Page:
Saturday, January 04, 2014

Labour's falling share of national income

Workers' share of national income has declined across the globe, the Economist reports. It has happened not just  in the US but in more egalitarian economies such as those of Scandinavia  and it in emerging markets as well.

What has caused this and should be something be done about it? The Economist dismisses the familiar theories: exploitation by large firms and weakening unions. Labour's share of income, it notes, has declined in economies with different levels of unionisation. The bigger factors seem to be greater use of IT, which has increased the wages of those with better skills, greater capital-intensity and globalisation, which has led to jobs being exported to cheaper parts of the world.

What should be done? Jobs go to those with better skills, so education and worker retraining are important. More jobs need to be created - and this could mean a cut in corporate tax rates. Thirdly, higher taxes on capital gains, which would harmonise taxes on incomes of labour with those on returns to capital.

A decline in workers' share of income and a rise in incomes at the top are both contributors to growing inequality. Policy makers need to wake up before the social costs become unaffordable.

1 comment:

chandramouli said...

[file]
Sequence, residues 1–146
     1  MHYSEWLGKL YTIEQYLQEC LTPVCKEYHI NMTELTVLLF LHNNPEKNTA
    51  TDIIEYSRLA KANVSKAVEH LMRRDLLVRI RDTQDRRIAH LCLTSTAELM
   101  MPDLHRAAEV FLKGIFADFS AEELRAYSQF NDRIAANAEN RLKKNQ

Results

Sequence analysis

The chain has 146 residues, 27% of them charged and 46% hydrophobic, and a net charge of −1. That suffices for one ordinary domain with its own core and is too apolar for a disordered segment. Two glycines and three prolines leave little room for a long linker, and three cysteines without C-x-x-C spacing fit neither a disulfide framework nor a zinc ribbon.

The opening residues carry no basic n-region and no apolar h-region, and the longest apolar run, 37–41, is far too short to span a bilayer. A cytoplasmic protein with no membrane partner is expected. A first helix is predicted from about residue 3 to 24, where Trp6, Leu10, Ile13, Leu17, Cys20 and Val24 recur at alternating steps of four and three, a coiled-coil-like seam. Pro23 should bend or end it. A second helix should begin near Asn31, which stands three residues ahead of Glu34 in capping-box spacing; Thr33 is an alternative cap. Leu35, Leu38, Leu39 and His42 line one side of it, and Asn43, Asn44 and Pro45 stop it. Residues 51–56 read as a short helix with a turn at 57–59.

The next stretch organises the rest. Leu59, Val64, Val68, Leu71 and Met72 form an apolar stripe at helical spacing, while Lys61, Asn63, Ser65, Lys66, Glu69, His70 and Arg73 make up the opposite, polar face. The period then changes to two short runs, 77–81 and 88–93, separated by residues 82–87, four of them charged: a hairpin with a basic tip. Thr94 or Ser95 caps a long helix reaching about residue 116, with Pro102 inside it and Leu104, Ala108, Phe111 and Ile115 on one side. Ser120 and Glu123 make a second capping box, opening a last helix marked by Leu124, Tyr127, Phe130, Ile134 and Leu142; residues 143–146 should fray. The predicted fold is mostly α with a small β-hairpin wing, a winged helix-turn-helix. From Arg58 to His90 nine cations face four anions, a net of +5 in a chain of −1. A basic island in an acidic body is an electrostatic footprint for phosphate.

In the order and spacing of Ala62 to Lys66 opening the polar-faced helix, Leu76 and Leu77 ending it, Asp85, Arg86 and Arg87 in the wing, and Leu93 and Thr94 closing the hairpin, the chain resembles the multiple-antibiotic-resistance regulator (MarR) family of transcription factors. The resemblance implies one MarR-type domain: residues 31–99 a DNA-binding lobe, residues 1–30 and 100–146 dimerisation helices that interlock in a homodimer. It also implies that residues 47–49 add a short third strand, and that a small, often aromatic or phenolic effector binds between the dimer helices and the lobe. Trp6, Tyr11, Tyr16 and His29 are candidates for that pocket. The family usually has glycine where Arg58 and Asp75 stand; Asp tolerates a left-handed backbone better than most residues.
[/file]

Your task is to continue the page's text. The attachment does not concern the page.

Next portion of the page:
In India, most of the taxes are skewed in favour of giving higher and higher return to Capital rather than bringing about an element of equality in the society by increasing the share of working class. Examples are dividends being exempted from tax, the low capital gains tax, lot of incentives on capital investments in projects irrespective of their employment potential etc. This is consciously done in the absence of any lobbying for the working class. Further with the improvement in science and technology the labour employed in the traditional labour intensive areas have substantially come down being replaced by technology. However, this has created new areas of employment like IT, which do not fall into the category of working class (labour). In the light of this information, it may not be right now to compare the worker’s share of income with that of the top echelons of our society. But the need of the hour is bringing about radical changes in our education system. We have to give to industry the sort of people they need for employment. The education system has to be tuned to meet this requirement. The bad employment situation in the country is a major problem rather than the difference in the share of income of the workers with the income of those at the top, which are strictly speaking not comparable.